viewtopic.php?f=26&t=341

Redemptioner
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Re: Printing Tips

Post by Redemptioner » Wed Dec 27, 2017 3:54 pm

Thanks bud.

Yeah, I found slic3r just wasn't cutting it for ABS, spent a lot of time with issues on corners and fine detail. Changed over to simplify3d and first print was near perfect. Fiddle a little since and now it prints ABS like a pro at 240mm/s, admittedly I have a fully enclose unit and control the air temp. Simplify3d is worth the cost just for the support material capability and ease of settings and profiles (hate silc3r's way of doing this, have to save every freakin time.....), but I add a crap load of support these days due to how easy it is to remove without a concern for it affecting the print of being difficult to remove, than and I can control and add/take the support where I like (tend to support all the bridging as well, lol).

Got a bunch of genuine parts in the mail atm for one of these machines, will be interesting to compare them once it is running full duet, a real E3D volcano & extruder, decent 0.9* motors all round and 16 tooth pulleys that don't have the belts rubbing against the carriages and rollers..... which reminds me, need to start a thread on physical & electrical upgrades :)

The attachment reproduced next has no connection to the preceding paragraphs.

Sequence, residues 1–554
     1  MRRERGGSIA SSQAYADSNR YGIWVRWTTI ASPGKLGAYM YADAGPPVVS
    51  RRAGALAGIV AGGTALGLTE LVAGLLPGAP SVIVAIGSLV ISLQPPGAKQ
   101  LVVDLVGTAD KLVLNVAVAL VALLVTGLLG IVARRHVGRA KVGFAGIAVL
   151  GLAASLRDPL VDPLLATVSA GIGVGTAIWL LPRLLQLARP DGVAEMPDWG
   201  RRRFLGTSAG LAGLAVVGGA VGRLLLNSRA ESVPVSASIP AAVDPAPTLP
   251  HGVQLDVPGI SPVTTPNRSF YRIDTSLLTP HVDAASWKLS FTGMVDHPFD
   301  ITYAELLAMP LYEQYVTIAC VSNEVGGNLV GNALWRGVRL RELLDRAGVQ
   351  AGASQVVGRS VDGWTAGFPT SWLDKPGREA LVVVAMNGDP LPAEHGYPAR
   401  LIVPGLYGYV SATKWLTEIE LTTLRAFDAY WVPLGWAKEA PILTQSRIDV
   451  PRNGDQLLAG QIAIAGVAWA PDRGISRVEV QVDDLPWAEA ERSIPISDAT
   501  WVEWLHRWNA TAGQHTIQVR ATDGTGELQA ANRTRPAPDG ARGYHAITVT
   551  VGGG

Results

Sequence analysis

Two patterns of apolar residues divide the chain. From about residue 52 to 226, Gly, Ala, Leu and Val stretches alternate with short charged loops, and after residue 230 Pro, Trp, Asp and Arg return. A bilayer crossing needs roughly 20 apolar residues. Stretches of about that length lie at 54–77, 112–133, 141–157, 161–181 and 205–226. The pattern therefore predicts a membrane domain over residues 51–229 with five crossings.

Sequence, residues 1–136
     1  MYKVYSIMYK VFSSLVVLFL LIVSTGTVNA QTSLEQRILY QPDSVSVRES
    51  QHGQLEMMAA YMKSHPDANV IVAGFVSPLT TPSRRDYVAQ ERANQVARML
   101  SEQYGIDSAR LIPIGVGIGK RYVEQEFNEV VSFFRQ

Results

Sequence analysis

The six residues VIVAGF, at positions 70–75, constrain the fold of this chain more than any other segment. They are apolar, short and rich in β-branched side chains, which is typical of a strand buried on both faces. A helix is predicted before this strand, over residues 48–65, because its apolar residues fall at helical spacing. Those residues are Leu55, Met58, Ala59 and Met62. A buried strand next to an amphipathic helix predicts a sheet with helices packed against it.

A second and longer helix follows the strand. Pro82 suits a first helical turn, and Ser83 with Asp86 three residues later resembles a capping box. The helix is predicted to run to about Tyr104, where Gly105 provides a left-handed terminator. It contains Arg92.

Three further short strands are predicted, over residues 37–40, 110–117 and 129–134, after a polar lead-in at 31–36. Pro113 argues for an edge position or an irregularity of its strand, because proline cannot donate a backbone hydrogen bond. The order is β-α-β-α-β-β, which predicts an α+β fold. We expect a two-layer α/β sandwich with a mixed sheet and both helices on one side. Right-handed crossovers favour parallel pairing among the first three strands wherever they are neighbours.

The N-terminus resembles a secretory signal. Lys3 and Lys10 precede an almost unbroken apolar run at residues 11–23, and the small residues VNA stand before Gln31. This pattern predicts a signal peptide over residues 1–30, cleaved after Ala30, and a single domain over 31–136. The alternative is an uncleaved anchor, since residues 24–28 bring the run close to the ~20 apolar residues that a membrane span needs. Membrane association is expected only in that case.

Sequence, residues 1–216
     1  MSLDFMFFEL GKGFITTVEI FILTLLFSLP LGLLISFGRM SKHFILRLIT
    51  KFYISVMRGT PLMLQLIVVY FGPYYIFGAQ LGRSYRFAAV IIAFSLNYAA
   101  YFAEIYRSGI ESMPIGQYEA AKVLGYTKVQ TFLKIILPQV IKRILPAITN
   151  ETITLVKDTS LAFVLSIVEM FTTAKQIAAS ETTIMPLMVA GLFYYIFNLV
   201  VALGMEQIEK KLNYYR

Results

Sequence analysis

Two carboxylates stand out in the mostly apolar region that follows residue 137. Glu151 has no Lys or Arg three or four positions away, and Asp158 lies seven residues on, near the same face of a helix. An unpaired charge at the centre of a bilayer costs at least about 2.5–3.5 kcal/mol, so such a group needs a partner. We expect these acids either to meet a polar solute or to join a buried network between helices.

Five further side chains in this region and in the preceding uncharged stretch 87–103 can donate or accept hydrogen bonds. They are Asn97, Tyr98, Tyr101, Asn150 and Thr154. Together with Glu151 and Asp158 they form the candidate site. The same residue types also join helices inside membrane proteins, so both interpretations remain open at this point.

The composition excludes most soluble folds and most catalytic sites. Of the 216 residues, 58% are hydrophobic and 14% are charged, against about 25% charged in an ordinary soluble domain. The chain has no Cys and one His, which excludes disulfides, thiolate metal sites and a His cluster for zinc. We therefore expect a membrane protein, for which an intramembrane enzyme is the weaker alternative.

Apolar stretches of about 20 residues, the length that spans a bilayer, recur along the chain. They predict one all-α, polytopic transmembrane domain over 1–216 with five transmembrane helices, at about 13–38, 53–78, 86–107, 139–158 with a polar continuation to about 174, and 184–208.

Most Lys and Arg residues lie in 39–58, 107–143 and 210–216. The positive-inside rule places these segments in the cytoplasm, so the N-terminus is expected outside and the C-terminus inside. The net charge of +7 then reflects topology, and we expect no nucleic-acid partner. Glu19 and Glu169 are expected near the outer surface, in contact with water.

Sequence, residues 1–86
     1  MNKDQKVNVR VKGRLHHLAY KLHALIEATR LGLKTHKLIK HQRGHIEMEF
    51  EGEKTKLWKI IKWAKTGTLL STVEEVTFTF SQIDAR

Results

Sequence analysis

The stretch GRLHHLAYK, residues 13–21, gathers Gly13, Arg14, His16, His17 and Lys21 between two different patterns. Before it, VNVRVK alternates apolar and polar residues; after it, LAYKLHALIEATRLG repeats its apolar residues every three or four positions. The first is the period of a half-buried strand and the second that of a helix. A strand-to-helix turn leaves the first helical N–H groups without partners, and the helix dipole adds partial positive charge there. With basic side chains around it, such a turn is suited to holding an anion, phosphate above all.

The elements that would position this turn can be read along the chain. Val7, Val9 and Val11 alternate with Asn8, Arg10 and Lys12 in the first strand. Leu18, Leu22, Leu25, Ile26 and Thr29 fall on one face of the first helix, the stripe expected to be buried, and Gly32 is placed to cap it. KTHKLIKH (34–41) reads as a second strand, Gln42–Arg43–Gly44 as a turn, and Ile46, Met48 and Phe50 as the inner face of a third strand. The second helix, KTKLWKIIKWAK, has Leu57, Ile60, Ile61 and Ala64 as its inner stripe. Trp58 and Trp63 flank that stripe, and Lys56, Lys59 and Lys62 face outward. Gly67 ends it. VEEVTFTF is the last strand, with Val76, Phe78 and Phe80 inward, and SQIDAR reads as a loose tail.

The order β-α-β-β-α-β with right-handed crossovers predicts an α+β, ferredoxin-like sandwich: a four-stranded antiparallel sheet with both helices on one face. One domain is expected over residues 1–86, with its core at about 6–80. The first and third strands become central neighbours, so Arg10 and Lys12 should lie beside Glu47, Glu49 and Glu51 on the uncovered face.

If it ain't broke then modify it

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Re: Printing Tips

Post by Xerxes » Wed Dec 27, 2017 5:25 pm

I've lost count of how many hours of tuning I've done on slic3r before swapping to slic3r PE.. At least I learned how to fix the ABS corners (fan)... Though it seems for every correction you do, you break something else that wont show up until you try a different calibration model. Slic3r PE default configurations for the Prusa i3 (modified for the TLM) seem as good as what I had arrived at after about 60 prints playing with Slic3r.

Seems like it may be worthwhile to try simplify 3d..

I'm starting to realise I need to build a temperature controlled enclosure for the TLM to print with engineering grade filaments.. Should be fairly easy with a temperature controller and ceramic heating element/fan from ebay. I am a little worried though how long the extruder stepper motor is going to work within a 60-80C environment as it gets quite warm when its well ventilated.